James Boyle, Chair of the Creative Commons board, has a column in the Financial Times that is always worth checking out. His most recent, on the recent U.S. Court of Appeals decision to uphold the theory on which open copyright licenses (including CC’s) are based, is a fun read, and gets right to the core of the importance of open licensing (and thus the case). In the column titled A creative coup for the trainspotters, Boyle writes:
Mr Jacobsen and his collaborators did not need to go out and make contracts individually with every person around a global network who might download their software, or create a contractual web reaching into the far future and touching everyone who might one day modify their work. The licence allowed them, at low legal cost, to set up the terms of a global collaborative exercise. It allowed to share their work under generous terms, to create a “commons” of shared material on the basis of which all could innovate, and yet still to insist on requirements that would preserve that commons in the future.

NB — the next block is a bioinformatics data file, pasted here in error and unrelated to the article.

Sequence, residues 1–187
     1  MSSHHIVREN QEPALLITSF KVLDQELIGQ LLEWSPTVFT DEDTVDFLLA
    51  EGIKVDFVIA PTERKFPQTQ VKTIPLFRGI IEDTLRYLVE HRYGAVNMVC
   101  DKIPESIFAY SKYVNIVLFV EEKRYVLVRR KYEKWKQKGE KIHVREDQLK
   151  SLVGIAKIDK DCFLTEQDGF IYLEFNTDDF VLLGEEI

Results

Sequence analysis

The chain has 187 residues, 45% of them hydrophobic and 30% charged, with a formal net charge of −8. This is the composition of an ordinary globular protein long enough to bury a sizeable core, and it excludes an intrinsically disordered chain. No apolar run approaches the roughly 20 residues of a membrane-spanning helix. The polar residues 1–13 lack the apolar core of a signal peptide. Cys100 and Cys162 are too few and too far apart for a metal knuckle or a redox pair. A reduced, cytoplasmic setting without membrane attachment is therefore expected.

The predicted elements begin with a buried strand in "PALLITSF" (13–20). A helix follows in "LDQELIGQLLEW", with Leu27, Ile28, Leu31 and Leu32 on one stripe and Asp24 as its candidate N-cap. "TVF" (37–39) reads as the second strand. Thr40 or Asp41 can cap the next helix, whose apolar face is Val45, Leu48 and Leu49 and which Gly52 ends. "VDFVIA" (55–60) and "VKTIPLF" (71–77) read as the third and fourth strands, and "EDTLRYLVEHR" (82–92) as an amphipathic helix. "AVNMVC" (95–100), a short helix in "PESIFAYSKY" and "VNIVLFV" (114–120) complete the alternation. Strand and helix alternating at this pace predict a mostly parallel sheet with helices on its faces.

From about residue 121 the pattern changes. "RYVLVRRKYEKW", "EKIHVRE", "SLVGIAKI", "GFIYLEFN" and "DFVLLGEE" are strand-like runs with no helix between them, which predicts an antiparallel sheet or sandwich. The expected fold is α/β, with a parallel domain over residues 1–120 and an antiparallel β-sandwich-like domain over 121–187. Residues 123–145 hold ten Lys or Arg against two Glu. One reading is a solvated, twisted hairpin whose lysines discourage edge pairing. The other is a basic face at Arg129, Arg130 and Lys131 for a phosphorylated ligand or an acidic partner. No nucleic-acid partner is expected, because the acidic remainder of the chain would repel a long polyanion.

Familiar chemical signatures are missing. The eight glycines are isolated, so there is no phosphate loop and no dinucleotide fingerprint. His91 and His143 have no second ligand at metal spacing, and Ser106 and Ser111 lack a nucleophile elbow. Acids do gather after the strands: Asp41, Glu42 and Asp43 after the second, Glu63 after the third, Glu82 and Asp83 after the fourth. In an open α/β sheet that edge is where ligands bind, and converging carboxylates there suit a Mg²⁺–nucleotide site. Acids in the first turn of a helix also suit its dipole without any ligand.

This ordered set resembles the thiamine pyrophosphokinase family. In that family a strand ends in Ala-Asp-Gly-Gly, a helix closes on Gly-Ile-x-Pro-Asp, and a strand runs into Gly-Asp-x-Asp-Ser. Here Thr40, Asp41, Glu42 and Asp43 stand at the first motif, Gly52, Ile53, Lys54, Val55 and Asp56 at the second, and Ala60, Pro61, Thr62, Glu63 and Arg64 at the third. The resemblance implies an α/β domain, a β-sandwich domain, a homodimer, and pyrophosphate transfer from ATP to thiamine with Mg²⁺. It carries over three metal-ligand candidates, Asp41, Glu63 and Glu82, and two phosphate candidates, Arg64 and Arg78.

The court agreed, as Boyle explains:
In a remarkable sentence, the court made clear that it understood the stakes of its decision. “Open source licensing has become a widely used method of creative collaboration that serves to advance the arts and sciences in a manner and at a pace that few could have imagined just a few decades ago.” Advancing the arts and sciences is what intellectual property law is supposed to be about. And in a case about model railway enthusiasts, that is just what the court did. Our hats (or propellor-bearing beanie caps) should go off to it.
If you’ve followed the case, or read the full column (go do that now), you know that the openly licensed code in question is for controlling model railroads. How wonderful that this case upholding modern tools for building collaborative culture involves an age old (well, at least a century old) tinkering culture.